Skill breaks disabled block

July 21, 1995

This has been a year of anniversaries for Deborah Cooper. Skill, the National Bureau for Students with Disabilities, which she runs, is 21 years old and the Open University, which has just awarded her an honorary master's degree for her services to the educationally underprivileged, celebrates its 25th birthday.

After being encouraged at comprehensive school to go on to higher education, Ms Cooper took a place at the newly founded York University. On leaving, she worked as a special needs teacher, and then, after taking a masters in Washington, as a community worker.

Her work was "talking to parents and working with kids after school, getting an insight into the role of parents in the whole education process," she says.

During all the changes of the 1970s, there was a feeling that the needs of disabled students had been ignored, even if they were legally entitled to further and higher education. "It took some challenges by parents and young people before there was acknowledgement that every student meant every student," she says.

The National Bureau of Handicapped Students was founded to coordinate advice about educational access as a result of these actions.

At the 1974 founding conference of the NBHS (as Skill was then known), one of the founders joked that they would all soon do themselves out of a job. Skill now has 16 staff (both number of staff and income have doubled in the past five years), and handled 5,240 enquires in 1994/95. Clearly there is as much to be done now as ever.

The 1995 Disability Discrimination Bill promises legislation to prevent discrimination against disabled people, but Deborah Cooper is wary about taking a simplistic approach to student access. "It's not only about ramps and doors, it's about kinds of support systems that are in place too. A very small percentage of people require major physical changes to the environment."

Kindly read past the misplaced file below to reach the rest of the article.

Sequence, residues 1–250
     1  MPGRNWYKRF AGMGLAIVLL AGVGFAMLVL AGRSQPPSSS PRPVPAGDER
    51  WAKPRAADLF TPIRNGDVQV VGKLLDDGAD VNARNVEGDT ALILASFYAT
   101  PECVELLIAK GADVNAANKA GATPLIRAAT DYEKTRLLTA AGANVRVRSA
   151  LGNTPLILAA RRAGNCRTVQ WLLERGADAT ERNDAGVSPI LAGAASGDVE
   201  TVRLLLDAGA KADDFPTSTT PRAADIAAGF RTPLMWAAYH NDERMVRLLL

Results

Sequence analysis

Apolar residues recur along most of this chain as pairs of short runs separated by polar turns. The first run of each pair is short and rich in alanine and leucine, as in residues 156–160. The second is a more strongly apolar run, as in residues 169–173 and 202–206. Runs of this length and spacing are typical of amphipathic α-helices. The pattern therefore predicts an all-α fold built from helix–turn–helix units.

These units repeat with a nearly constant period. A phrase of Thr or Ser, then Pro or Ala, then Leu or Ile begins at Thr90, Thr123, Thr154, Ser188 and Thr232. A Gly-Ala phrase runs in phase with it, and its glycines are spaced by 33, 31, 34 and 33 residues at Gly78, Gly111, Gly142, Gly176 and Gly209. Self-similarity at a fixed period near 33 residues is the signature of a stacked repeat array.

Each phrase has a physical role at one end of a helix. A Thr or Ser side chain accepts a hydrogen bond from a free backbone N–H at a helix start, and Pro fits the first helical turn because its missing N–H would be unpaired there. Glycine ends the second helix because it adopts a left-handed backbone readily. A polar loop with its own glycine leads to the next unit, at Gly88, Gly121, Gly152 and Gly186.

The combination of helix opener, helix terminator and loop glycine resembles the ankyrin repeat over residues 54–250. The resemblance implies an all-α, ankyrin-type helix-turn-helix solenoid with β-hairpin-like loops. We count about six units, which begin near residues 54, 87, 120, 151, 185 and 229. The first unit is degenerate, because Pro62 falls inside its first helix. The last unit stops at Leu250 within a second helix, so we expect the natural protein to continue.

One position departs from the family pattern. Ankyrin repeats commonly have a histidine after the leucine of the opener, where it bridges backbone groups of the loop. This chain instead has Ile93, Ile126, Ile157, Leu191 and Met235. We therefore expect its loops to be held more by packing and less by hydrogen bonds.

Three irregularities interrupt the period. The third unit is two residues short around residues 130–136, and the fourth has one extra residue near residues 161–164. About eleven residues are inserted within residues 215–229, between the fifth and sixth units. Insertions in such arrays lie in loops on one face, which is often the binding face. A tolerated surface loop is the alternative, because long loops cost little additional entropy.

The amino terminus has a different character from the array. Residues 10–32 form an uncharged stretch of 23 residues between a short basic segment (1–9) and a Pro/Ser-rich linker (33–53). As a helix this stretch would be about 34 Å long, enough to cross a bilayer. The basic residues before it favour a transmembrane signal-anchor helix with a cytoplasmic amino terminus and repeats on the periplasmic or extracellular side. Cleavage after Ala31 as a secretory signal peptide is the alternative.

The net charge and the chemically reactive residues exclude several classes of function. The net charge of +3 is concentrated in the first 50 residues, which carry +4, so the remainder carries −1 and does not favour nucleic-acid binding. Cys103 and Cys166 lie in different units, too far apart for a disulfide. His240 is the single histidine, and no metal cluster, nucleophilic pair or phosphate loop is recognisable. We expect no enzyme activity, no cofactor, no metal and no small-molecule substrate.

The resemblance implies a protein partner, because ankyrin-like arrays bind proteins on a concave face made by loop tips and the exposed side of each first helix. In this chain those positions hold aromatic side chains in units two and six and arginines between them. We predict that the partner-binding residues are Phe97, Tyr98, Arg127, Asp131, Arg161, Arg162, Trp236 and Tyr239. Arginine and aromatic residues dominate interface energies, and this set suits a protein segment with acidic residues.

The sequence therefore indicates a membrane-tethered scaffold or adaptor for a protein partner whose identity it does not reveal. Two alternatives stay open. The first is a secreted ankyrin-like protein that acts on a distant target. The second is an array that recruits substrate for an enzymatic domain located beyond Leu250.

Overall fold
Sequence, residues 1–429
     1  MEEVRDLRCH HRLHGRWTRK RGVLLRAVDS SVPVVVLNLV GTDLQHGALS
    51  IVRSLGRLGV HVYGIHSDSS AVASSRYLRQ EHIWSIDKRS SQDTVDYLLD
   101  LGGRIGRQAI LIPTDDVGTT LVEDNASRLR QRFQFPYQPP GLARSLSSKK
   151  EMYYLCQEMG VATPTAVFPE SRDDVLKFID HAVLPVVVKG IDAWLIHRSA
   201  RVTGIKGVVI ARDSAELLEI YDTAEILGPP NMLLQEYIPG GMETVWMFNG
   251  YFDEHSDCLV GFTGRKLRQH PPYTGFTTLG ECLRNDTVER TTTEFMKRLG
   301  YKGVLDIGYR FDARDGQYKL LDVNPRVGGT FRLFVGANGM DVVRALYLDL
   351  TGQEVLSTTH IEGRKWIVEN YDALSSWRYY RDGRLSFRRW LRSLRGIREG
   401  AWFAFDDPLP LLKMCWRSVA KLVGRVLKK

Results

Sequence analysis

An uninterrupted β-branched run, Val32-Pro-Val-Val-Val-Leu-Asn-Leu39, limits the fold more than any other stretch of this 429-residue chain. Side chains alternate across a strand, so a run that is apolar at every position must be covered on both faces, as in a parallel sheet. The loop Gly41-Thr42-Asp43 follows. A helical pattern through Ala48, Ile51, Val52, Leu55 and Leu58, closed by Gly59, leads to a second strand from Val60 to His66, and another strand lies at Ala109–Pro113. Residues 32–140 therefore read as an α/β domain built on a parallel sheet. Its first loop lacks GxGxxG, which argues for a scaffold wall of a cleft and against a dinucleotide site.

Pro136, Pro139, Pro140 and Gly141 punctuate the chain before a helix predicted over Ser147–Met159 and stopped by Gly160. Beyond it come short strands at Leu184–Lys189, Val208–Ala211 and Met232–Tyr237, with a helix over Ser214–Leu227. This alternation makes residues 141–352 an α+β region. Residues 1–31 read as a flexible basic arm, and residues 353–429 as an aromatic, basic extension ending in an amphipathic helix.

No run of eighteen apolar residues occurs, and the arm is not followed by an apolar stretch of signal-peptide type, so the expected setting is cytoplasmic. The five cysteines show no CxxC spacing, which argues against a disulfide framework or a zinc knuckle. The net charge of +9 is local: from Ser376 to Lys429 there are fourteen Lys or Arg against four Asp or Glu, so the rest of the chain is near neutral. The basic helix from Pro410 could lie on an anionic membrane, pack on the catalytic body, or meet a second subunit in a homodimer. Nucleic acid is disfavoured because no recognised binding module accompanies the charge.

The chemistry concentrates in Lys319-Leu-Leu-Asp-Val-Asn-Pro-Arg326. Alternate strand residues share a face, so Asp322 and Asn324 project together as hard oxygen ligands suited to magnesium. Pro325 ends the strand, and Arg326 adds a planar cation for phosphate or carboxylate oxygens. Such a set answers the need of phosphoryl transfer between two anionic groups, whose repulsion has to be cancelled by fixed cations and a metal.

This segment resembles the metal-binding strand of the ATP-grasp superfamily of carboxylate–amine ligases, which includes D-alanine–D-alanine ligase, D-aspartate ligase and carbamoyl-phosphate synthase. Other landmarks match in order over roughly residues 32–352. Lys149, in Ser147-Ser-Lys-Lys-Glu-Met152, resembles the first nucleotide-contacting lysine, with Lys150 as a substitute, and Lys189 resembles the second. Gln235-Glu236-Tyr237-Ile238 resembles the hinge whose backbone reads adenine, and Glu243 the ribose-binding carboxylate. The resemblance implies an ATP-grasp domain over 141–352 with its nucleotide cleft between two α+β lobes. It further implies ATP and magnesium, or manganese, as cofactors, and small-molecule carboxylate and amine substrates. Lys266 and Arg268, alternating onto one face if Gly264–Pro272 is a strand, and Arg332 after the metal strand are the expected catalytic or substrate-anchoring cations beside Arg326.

Equally important is encouraging practical ways for universities to help students, or to remove hindrances. Lecturers who refuse to allow tape recordings of their lectures are one example of negative attitudes which hinder many disabled students, but could be changed at no financial cost whatsoever.

Ms Cooper lives just down the road from the OU in Milton Keynes, and has been commuting to London for the past 11 years, first as Skill's assistant director, and latterly as director.

During this time, the OU has remained a major influence on her attitudes to the provision of education to those with disabilities and learning difficulties, both through its policy of wide and open access for students of all abilities and through more direct work on joint projects with Skill like the Open Learning Toolkit.

In keeping with its open access policy, the OU itself has more than 5,000 disabled students.

Skill deals with two main strands of enquiry from concerned students. The first covers funding, which is especially difficult for part-time disabled students, although the Government grant for full-time disabled students in higher education has gone up.

The second covers how to go about applying for higher education courses in the first place. Very often, local careers services do not have the specialist knowledge or expertise to advise about disabled provision on a national level. Skill therefore aims to be "a bridge through the education, training and employment sectors".

Until the publication of Higher Education Statistics Agency data this summer one difficulty for Skill was the limited information on the number of disabled students in higher education.

Ten years ago, Skill conducted research into this subject with a research organisation on behalf of the then Department of Education and Science, work which suggested that 43,000 students in England in further and higher education were disabled. The situation is now more complex.

"There are no reliable structures to be able to count the students in FE. We need these structures to get to grips with the numbers," she says.

The Universities and Colleges Admissions Service is beginning to collect data on student disabilities, but for the present, informed guesswork is the best guide. "My guestimate for disabled students over the age of 16 in schools, colleges and universities in England is about 200,000."

Skill will evidently not be out of a job in the 21st century.

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